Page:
Review | Rachel Griffiths debuts as director with ‘Ride Like A Girl’

Ride Like A Girl | Dir: Rachel Griffiths | ★ ★ ★ ★ ★

Director Rachel Griffiths was in no doubt what she wanted her first feature film to be about after she saw Michelle Payne becoming the first female jockey to win Australia’s toughest horse race in its 155 year old history.

The film opens with archival documentary footage of the actual Michelle Payne as a little girl, being asked what she wanted to be when she grew up. When she answers “I just want to win the Melbourne Cup”, that is the cue to get the tissues out in the heart-breaking, heart-warming film.

Even though the audience knows that the film will end with Payne’s historic victory with her much-loved brother Stevie as the strapper of winning horse Prince of Penzance, there had been many hurdles to overcome. Griffiths shares Payne’s journey by mixing the hardships with humour and forcing the audience to reach for the tissues time and time again as tears and laughter mingle.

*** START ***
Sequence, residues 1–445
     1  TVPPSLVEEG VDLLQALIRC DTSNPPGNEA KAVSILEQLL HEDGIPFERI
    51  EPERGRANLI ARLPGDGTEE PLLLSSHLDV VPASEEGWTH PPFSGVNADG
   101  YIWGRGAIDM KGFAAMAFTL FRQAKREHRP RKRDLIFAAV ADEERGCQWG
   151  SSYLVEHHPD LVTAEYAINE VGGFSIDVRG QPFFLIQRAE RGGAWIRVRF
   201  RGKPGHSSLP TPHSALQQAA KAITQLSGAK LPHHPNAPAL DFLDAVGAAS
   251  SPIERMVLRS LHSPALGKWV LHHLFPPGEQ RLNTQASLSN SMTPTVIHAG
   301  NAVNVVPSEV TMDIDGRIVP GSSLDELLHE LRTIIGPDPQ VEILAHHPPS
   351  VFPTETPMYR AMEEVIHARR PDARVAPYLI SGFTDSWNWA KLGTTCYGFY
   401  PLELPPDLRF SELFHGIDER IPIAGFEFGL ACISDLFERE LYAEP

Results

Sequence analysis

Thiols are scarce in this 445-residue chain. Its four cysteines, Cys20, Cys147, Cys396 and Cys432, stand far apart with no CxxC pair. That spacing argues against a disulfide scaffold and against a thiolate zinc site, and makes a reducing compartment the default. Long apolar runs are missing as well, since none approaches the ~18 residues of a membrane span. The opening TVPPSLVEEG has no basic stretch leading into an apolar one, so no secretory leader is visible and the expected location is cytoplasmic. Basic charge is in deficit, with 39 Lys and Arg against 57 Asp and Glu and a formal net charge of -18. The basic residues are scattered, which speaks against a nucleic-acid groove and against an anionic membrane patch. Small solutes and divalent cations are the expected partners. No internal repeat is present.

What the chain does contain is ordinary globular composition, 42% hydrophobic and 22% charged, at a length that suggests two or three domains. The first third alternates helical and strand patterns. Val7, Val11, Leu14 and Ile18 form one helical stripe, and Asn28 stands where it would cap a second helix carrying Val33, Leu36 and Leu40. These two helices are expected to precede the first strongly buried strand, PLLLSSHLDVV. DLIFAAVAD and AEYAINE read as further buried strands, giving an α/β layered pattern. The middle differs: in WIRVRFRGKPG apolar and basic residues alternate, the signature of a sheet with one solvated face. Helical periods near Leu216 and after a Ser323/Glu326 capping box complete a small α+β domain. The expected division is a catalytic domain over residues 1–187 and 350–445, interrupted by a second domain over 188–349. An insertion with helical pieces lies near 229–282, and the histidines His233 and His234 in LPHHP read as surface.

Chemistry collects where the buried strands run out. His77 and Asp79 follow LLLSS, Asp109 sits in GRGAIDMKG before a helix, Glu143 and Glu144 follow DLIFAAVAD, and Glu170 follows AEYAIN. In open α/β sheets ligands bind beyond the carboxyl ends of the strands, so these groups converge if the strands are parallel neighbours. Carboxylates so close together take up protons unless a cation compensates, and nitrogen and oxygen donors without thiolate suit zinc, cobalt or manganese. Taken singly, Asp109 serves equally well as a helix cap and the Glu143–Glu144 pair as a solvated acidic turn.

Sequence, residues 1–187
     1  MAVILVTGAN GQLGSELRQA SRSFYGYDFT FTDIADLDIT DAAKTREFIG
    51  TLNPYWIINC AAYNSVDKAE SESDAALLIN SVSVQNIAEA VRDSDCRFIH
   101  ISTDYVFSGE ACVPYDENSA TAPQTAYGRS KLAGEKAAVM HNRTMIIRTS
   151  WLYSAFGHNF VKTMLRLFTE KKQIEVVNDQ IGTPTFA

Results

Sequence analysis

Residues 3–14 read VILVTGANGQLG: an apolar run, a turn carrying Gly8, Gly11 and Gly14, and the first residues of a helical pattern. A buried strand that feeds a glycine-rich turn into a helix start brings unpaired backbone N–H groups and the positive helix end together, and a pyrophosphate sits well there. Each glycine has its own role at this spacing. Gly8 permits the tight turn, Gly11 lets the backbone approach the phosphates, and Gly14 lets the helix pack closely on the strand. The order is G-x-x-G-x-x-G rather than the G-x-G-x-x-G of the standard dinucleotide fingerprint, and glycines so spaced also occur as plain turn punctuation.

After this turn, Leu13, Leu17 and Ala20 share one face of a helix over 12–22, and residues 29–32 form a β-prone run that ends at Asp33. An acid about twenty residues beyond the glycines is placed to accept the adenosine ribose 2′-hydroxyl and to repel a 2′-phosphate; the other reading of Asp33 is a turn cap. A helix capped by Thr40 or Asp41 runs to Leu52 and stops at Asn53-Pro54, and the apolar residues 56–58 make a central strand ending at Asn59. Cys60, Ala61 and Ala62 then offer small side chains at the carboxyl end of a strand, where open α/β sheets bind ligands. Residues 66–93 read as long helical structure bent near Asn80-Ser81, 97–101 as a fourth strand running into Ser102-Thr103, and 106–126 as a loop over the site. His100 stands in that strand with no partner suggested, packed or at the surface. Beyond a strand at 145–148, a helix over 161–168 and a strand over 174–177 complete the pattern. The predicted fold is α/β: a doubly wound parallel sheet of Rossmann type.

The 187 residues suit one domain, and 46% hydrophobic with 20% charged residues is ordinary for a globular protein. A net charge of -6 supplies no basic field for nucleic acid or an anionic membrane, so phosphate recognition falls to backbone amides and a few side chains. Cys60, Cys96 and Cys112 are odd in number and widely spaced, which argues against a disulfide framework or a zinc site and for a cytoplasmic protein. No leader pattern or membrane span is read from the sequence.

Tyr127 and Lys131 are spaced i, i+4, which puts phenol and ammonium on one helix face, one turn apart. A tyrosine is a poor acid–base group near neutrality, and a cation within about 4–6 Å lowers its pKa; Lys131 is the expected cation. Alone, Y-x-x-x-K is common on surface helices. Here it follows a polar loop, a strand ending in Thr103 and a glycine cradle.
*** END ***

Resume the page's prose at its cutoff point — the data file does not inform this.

The death of her mother left her horse trainer father Paddy (Sam Neil) with ten children to care for, and eight of them were to become jockeys. Michelle was the youngest and formed a close bond with her Down’s Syndrome brother Stevie, who plays himself in the film.

Teresa Palmer plays Michelle Payne and, having grown up with horses, does some of her own riding in the film – but not the actual races. Palmer shows Payne’s stubborn perseverance in the face of the rigidly chauvinistic restrictions that were place in her way as well as the deprivations needed to reach the correct riding weight demanded.

The odds were practically impossible that Payne would even make it to ride in the Melbourne Cup, especially after she nearly lost her life in a riding accident. Australian films often celebrate battlers and this true story celebrates what one determined young woman has achieved by holding onto her dream, taking risks and working her ass off to achieve it.

Lezly Herbert


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